Princeton economist, Uwe Reinhardt, contributes regularly to The New York Times Economix Blog. Recently he wrote, in
“Health Care Payers Push Back Against Costs“ that high U.S. healthcare costs are driven by several factors:
- American’s over-use of high-cost/high-tech services owing to some American’s being over-insured.
- High administrative costs (mostly in the health insurance area)
- Higher prices paid by Americans for healthcare services and products
On this latter point – higher prices – he points to an imbalance of power between the buyers (and payers) vs. the suppliers of healthcare.
[...]higher prices are the product of a deliberate strategy, hashed out in our political bazaars between the supply side of health care and state and federal legislators, always to keep the payment side of our health system fragmented and relatively weak vis à vis the supply side of health care.
He also notes how difficult it is for patients to do price comparisons – “price opacity” he calls it. He saves his strongest reaction to the system of price discrimination found in healthcare today. Providers charge (and are paid) differently depending on who pays the bill. Insurance companies demand substantial discounts from hospitals, and Medicare reimbursements are significantly lower than provider costs.
Reinhardt warns providers to prepare for an era of increasing price information and comparisons, along with other purchasing initiatives.
To add my own commentary: Our public discourse on complex problems often veers towards finding the villain – the “bad guy.” Once identified that villain gets all of our intention, and if the political stars are aligned government legislation and regulation results. If healthcare costs are an inflated balloon, then pushing in on one portion will only cause the balloon to bulge out elsewhere. It would be a mistake to assume that our healthcare challenge would be fixed by just getting providers to reduce their prices.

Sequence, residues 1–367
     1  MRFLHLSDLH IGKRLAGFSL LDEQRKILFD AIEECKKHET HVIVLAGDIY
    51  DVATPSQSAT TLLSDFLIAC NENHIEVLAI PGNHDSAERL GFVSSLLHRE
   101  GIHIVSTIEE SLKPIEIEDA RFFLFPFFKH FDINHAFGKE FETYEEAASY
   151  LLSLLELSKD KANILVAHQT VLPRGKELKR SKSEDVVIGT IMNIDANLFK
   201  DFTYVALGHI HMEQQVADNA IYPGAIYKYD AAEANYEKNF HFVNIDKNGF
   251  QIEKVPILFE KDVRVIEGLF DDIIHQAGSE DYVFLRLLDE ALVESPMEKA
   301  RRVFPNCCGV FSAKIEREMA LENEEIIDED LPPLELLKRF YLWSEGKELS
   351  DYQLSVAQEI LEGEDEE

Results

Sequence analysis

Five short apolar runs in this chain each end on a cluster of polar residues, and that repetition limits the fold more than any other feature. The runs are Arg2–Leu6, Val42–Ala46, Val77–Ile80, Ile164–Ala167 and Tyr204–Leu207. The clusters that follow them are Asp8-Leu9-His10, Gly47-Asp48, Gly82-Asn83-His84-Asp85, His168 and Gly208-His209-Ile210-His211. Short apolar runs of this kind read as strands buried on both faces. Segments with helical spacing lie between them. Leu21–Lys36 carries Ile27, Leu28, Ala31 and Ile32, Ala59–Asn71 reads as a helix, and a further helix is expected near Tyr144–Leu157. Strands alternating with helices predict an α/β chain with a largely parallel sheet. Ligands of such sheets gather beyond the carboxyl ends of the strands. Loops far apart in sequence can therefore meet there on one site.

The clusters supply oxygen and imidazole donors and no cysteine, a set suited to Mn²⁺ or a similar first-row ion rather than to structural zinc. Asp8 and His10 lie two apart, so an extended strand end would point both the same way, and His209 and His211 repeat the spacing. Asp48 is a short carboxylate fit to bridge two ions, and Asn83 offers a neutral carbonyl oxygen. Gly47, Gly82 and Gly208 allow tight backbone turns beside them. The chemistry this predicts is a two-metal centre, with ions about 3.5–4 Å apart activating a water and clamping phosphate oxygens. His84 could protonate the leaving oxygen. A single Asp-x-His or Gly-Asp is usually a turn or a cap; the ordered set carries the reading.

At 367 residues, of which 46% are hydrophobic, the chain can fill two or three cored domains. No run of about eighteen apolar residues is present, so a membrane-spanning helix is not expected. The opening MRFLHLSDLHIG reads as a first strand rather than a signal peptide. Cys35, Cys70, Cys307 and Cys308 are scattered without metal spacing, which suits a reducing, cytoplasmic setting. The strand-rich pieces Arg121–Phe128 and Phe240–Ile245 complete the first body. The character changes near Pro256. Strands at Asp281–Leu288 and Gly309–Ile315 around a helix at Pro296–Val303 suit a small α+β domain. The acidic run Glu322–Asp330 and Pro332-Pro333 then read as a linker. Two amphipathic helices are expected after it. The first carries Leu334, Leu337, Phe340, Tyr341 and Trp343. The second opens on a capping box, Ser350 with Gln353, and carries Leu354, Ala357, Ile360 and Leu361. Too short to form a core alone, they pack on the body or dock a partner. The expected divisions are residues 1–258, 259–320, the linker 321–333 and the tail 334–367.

More open price comparisons and a more straightforward pricing mechanism are two important elements in successful healthcare reform. With only some exceptions, providers (physicians, hospitals, drug companies, tech companies) are not looking for ways to extract more money from patients. They are taking steps to survive in a broken marketplace. Changing public attitudes about appropriate care, changing insurance to give patients more exposure to their decisions and choices, giving providers incentives to prescribe cost effective care, opening scope of practice laws to let well-trained but less expensive professionals provide some care, and maintaining vigilance over abuse of the patent and malpractice systems are all important steps to take.